by Janet Spencer

The nose is protected by hairs and mucus; the eyes are protected by hairs and tears; but the ear is protected by hairs and wax.

    Ear wax is not really wax, though it does have a waxy texture. It’s composed of several things.

First are cast-off cells from the special type of skin that lines the ear canal. Like all skin, it’s constantly renewing itself because even the tiniest break in the skin here will lead to ear infections and ear aches.

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The skin in the ear canal is coated with an antimicrobial secretion from modified sweat glands. It’s called cerumen, from the Latin word “cera” meaning wax. This kills bacteria and fungus spores that enter the ear canal, and is also a natural insect repellent.

Oil glands in the ear canal, which are similar to the oil glands on the scalp, secrete an oily lubricant. Called sebum, its name comes from the Latin word for tallow. This oil helps trap dust and debris that enters the ear canal.

There are also tiny hairs lining the outer part of the inner ear.

This mixture is constantly renewing itself, while moving the old ear wax out of the way. This is accomplished by a “conveyor belt” which is activated by the movement of the jaw while eating or talking, by the vibration of the ear drum, and by the waving of the ear hairs. The wax moves out of the ear at a rate a little slower than the rate at which fingernails grow.

•    Itchy ears can be a sign that too much ear wax is being removed through excessive cleaning. Low levels of wax leave the skin on the ear canal exposed.

Too much ear wax can cause temporary hearing loss as the build-up blocks sound waves from reaching the ear drum.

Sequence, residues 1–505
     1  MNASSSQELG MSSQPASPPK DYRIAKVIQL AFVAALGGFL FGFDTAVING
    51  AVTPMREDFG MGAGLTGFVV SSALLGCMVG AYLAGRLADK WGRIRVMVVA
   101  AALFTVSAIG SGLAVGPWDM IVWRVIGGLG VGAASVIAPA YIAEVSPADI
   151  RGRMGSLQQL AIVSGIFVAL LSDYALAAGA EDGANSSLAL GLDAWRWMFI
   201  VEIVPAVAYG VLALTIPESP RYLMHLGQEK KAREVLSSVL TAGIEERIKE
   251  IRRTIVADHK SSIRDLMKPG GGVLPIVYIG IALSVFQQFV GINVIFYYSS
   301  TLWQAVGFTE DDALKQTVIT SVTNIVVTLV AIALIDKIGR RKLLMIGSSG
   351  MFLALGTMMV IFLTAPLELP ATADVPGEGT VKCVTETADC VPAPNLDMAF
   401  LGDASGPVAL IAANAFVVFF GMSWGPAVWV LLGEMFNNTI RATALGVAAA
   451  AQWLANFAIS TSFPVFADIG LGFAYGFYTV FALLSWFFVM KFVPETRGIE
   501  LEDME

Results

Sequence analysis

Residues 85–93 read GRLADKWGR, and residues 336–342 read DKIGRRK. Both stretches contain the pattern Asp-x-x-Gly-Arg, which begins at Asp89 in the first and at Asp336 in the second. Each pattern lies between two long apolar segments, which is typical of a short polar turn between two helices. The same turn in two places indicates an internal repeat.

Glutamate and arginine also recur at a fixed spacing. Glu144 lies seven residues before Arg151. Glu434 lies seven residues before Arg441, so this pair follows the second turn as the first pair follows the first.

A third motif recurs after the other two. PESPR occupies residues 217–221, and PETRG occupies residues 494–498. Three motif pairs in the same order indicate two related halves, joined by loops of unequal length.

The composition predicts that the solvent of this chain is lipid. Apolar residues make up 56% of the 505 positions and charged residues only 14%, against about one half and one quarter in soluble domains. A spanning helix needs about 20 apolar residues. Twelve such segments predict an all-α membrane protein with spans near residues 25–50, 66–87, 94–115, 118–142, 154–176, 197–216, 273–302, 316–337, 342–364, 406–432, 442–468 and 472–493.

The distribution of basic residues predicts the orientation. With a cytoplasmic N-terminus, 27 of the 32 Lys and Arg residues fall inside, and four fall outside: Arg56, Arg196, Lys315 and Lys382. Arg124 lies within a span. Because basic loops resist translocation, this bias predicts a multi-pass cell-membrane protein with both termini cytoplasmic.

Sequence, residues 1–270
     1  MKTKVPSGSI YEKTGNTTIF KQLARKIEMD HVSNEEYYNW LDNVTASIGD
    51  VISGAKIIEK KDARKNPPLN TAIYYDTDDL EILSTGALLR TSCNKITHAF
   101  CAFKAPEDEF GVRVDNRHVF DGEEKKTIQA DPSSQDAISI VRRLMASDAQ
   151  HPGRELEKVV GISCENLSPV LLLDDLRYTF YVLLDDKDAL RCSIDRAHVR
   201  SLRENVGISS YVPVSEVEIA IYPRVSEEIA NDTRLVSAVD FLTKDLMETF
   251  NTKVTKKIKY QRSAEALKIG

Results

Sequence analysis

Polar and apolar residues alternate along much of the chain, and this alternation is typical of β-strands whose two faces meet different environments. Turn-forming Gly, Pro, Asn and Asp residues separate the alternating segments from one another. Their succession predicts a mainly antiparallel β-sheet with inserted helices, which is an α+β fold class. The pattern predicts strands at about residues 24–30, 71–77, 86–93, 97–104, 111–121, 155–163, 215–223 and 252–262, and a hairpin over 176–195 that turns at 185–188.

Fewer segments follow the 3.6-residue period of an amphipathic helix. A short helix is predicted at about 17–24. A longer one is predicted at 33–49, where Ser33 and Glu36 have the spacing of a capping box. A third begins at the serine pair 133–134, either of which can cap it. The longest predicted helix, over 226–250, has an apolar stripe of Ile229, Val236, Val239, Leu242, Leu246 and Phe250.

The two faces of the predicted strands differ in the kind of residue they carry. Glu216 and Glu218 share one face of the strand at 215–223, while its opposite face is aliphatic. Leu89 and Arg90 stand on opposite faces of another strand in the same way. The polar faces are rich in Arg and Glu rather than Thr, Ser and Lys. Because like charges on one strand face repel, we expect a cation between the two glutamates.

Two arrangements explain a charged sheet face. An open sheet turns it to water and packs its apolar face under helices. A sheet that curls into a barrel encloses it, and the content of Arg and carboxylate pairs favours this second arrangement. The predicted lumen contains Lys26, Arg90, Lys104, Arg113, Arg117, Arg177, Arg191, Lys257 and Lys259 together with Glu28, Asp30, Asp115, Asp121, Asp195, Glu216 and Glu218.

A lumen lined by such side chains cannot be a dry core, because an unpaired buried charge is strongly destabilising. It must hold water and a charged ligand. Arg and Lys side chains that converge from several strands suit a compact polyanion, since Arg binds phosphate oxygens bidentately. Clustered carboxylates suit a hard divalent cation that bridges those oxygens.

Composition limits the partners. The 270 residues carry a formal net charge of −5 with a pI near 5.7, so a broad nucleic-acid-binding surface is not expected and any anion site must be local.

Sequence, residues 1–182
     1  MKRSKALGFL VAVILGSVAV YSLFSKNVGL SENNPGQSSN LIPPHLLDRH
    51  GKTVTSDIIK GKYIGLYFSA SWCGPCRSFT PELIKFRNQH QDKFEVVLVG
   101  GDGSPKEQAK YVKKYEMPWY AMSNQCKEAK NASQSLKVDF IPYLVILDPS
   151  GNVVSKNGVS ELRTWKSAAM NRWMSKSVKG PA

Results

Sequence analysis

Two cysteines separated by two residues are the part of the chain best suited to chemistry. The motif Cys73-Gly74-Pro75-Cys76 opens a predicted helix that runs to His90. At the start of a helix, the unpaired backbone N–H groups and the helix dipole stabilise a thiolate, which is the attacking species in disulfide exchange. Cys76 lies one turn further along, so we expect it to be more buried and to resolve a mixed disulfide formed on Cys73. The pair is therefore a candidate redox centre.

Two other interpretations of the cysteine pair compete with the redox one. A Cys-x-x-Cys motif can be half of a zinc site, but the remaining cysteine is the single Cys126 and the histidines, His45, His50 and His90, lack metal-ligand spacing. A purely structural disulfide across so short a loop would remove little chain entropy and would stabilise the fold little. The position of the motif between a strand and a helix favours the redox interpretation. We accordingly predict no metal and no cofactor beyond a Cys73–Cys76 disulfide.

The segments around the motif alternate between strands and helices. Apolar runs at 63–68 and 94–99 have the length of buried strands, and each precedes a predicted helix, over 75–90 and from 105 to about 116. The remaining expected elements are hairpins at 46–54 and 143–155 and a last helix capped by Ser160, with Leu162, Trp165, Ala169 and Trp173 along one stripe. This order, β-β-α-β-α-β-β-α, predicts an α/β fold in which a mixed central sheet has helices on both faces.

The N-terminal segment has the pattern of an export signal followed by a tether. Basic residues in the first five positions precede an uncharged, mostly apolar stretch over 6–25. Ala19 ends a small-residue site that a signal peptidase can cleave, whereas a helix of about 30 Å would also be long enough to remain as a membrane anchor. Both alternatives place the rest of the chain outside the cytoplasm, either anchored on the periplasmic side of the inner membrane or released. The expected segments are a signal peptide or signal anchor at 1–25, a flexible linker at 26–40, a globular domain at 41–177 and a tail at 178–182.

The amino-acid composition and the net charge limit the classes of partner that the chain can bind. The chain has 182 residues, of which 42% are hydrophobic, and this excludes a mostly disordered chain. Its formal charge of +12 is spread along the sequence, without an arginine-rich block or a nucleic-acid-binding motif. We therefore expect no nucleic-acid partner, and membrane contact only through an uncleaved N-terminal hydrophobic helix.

Ear wax comes in two forms: wet and dry. Which kind you have depends on genetics. Wet ear wax is a dominant gene, so most people have wet ear wax. However, people of East Asian descent, particularly those whose heritage is from China, Japan, or Korea, as well as Native Americans, typically have the recessive gene for dry ear wax. Surprisingly, the same gene that results in dry ear wax also results in less underarm odor. Those who have the gene for wet wax, which includes most Caucasians, also have the gene for smelly armpits—as well as a gene for increased incidents of breast cancer.

By tracking pockets of this recessive ear wax gene, anthropologists have been able to chart the migration of different cultures.

Often, ear wax is pushed deeper into the ear canal when things are inserted into the ear, including cotton swabs, the end of a pencil, a bobby pin, safety pin, key, or paper clip. Things inserted into the ear also disturb the hairs inside the ear, and this stimulates the oil glands to produce more oil that turns into more ear wax, compounding the problem

Things like hearing aids, earplugs, or earbuds hinder the natural movement of ear wax if worn too many hours of the day. Stress can cause an increase in the production of ear wax.

To resolve problems with ear wax build-up, experts recommend a drop or two of mineral oil, glycerin, or olive oil to soften the wax. Then use a rubber bulb syringe to run room-temperature water through the ear, tilting the head afterwards to let it drain out.

Using cotton swabs to dry out the inner ear after swimming or showering is a bad idea because they are very fragile when the tiny ear hairs are wet.

People prone to swimmer’s ear infections can use a few drops of rubbing alcohol in the ear.